Posted by: Susanah | January 12, 2007 9:10 PM
"Unless we learn from the past we will again face dark days ahead".
Posted by: Luis Cristerna | January 13, 2007 3:54 PM
"Discipline budget in D.C" in his new speech? Yea right... He's dumber than dirt it's not even funny. Yet aparently we had idiots who thought "lets re-elect him guys!"
Posted by: Richard | January 24, 2007 4:58 AM
I'm sick of people saying we haven't found WMDs in Iraq. I suppose it's not their faults though, but The Media's....
And also, Bush NEVER said Hussein was responsible for 9/11, and if you think he did, find me the quote. Thursday, September 13th, 2003, Bush DENIED claims that Hussein was connected to 9/11, after an opinion poll noted that 70% of Americans believed Hussein personally had something to do with it. So don't blame the administration for your assumptions. Blame the media.
Posted by: RJ Friedman | February 17, 2007 6:04 AM
We are NOT at war because Sodamn Insane had something to do with 9/11, nor has anyone in the administration worth listening to or believing said that was the case, and I challenge you to find otherwise. (http://news.bbc.co.uk/2/hi/americas/3118262.stm)
And we DID find WMDs in Iraq. Over 500 munitions of them.
So, to editors of newspapers and those intent on writing in those newspapers: check the facts of the articles you are submitting and/or reviewing...even though this is an opinion piece, there is more than one blatant lie within the article.
The one thing that intrigues me about Liberals is that, even though they proclaim they are for the people and peace etc etc, they seem to ignore the fact that we have freed over twenty million Iraqis, given them the power to vote, their women the power to run for office, and given them hundreds of other natural rights that Hussein had taken away.
Yes, our troops have died: they knew the risks when they VOLUNTEERED.
Yes, many Iraqis have died, over 50,000 of them. And even though most of these deaths are related to terrorism, they are tragedies none the less.
But compare this to our own civil war, where there were almost one million casualties, or to any other large scale war this world has seen, and the numbers are minuscule, while the benefits are potentially greater.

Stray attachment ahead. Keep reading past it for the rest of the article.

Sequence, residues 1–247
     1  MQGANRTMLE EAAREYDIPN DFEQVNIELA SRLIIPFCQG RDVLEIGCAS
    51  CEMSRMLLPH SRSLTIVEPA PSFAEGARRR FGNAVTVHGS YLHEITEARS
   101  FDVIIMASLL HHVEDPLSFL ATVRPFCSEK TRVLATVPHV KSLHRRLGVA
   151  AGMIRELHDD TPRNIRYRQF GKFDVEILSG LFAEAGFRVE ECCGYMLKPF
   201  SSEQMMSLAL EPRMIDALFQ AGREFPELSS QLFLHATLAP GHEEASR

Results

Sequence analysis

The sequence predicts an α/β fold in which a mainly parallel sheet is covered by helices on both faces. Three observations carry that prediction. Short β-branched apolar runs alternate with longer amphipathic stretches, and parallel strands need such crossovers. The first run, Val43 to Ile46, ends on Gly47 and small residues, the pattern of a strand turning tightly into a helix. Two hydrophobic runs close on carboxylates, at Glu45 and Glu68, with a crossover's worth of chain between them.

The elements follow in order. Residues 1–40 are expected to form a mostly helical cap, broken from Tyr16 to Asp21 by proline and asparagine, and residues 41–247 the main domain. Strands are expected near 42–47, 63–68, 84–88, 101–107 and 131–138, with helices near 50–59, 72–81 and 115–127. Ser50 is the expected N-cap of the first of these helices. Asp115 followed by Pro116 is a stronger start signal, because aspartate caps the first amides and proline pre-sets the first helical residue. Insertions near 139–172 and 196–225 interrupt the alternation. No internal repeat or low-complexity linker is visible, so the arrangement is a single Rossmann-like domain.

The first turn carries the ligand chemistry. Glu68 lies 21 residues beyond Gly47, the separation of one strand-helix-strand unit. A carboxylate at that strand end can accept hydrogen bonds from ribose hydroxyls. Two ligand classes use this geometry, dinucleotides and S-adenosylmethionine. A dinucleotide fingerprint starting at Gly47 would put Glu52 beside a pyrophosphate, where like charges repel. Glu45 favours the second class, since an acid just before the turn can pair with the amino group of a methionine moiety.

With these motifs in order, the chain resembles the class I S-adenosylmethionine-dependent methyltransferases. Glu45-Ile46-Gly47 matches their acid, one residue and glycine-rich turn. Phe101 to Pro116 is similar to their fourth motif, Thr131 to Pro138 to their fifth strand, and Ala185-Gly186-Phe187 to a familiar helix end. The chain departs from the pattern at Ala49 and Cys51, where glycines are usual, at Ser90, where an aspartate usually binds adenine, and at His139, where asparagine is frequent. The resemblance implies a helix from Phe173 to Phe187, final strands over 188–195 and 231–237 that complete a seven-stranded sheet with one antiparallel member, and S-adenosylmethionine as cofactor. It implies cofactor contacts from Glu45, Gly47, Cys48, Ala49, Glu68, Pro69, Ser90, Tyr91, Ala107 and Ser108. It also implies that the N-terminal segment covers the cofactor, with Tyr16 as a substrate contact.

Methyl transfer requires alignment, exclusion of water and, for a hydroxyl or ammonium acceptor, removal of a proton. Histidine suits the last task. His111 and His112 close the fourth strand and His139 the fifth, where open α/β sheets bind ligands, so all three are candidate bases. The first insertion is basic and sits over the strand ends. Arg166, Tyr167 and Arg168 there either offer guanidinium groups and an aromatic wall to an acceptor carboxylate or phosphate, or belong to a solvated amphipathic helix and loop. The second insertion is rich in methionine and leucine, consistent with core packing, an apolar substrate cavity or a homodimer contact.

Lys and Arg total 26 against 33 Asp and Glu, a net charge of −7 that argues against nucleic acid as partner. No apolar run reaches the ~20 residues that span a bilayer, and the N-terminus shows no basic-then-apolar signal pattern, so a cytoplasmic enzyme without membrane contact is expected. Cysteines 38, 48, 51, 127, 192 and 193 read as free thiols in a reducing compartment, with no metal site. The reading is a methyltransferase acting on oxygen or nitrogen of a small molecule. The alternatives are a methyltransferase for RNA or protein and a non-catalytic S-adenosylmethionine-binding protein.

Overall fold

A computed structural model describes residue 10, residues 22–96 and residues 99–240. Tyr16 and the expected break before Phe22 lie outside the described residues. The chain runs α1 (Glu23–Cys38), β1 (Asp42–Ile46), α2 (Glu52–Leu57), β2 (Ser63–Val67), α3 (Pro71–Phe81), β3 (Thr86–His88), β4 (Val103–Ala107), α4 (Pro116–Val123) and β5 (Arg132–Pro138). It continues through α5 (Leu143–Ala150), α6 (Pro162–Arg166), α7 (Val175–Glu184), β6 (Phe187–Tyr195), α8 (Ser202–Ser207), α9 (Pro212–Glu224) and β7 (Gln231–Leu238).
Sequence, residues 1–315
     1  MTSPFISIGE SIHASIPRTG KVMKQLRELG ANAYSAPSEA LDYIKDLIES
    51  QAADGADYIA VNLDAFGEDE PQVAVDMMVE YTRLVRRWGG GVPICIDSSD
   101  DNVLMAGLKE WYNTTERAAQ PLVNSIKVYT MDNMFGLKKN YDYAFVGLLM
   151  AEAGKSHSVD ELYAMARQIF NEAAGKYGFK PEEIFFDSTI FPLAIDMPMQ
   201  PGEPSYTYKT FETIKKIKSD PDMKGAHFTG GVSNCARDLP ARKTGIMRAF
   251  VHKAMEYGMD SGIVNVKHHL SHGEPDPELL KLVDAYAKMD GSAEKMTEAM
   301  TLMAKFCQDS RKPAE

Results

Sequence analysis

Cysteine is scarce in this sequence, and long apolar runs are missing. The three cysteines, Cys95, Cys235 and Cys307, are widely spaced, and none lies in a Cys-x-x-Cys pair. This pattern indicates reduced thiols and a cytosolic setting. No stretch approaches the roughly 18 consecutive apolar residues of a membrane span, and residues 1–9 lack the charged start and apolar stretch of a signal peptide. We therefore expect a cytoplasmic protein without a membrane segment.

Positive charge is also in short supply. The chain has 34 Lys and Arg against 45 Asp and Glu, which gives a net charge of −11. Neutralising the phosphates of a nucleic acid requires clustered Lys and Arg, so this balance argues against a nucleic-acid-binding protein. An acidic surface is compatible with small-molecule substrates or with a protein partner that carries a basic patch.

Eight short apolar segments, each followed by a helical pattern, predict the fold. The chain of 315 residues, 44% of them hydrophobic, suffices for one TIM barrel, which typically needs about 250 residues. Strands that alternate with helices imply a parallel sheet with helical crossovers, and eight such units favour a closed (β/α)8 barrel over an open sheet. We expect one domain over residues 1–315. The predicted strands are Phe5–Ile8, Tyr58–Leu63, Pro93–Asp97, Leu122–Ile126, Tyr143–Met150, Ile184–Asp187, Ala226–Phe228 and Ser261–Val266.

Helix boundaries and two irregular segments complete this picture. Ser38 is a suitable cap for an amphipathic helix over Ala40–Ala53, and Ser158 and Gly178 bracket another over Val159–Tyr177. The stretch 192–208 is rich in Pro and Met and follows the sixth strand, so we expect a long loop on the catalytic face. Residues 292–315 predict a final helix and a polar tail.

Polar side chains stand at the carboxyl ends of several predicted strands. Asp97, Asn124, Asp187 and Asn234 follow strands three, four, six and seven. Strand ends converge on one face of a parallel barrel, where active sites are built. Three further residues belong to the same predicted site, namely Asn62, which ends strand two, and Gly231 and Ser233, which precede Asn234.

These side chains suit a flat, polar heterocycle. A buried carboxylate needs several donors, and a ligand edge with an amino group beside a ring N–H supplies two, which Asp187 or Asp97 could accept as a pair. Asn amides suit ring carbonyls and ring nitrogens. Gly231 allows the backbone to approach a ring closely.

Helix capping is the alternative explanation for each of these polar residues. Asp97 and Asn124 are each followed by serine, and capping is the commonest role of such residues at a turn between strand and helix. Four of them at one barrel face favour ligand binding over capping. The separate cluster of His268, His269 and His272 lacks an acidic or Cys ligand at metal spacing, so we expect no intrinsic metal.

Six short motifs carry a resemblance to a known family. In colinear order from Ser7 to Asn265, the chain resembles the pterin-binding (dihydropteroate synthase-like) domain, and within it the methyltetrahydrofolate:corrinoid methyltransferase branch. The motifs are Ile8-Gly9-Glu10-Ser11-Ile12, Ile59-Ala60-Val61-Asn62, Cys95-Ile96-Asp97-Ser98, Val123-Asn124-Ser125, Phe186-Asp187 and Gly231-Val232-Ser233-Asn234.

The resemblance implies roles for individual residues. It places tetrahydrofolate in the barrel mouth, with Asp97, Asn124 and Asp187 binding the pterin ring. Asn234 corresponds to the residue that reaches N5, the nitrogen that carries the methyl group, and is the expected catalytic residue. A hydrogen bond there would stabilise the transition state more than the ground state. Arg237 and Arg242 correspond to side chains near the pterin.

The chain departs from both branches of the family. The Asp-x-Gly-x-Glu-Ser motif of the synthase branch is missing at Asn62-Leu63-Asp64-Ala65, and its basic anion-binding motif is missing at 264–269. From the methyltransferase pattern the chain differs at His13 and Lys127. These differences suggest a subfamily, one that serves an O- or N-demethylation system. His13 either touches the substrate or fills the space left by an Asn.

Posted by: RJ Friedman | February 20, 2007 1:23 AM
first of all PRESIDENT Bush is a great presindent who has had to deal with many hard situations and shoices and no matter what choice he makes there will always be people upset with him...thats just how the job works. Bush has done what is essential to help keep the world safe and helf free the people of iraq. The terrorist our different than we are if you give them and inch they take a mile and we must do what we say if we say we'll shoot them if they cross a line we must shoot them if they do. we must hold to our word that is the only way to keep them in line and that makes it essential to call for more sacerfice and if i wasnt deaf in one ear i would be there in a minute once i turned 18...
here is a good post called "iraq is our responsiblity" that you should read.
- The U.S. military is mired in conflicts in Iraq and Afghanistan. Casualties are mounting, and we as citizens feel for the families that have lost loved ones. It's a difficult choice to keep those dear to us in harm's way. As the situation in Iraq deteriorates into mass sectarian strife and national newscasts bicker over whether to label the conflict a "civil war," those of us at home watching these events unfold are driven to choose between our desire to bring the troops home and to continue our involvement in the area.
The mechanistic processes of the war effort are undoubtedly out of our reach. We are subject to the choices of those in the military and within the walls of the Pentagon. Regardless, we do hold sway over this effort with the power of the ballot
We must be responsible with the power we have. Americans would be wise to note the recent history of the 20th century -- ignoring the overtures of Adolf Hitler and appeasing his subsequent military strikes led to the biggest war the world has seen. In the effort to avoid conflict through appeasement, we only exacerbated it on a worldwide scale. Those events drove the development of nuclear weaponry, the Cold War, mutually assured destruction and the hodge-podge of alliances that stabilized America on a global scale -- until now.
We again come to a point where such a critical decision must be made, and the stakes are just as high. Do we leave Iraq under the noble pretense of preserving American lives? In considering this, it is critical that we review the consequence of Iraq falling under the influence of Iran and its president, Mahmoud Ahmadinejad.
Who are we to take Ahmadinejad -- a despotic, Islamic, fundamentalist who flaunts in his rhetoric his disbelief of the Holocaust -- by anything but his word? To do otherwise is beyond gross negligence. To do so is to betray our future generations and force them to deal with an ever-growing threat to the democracies and freedom that have been fought for in the past centuries.
We dishonor our ancestors and betray our nation's future by leaving them subject to the historical inertia of our shortsighted, reactionary and politically driven decisions to not finish a vital job. If Iran is able to control Iraq, it will become even more difficult to pressure with economic sanctions, and our future options to stop Iran from getting nuclear weapons may be limited to drastic, military means.
We as a nation are called upon, for our own survival and for the stability of the world, to set aside our prior disagreements in order to stabilize this incendiary situation in the Middle East. Our decisions are final, and our generation is not the only one that will have to deal with them.
Posted by: LEGURIA, Frank | September 3, 2007 7:26 PM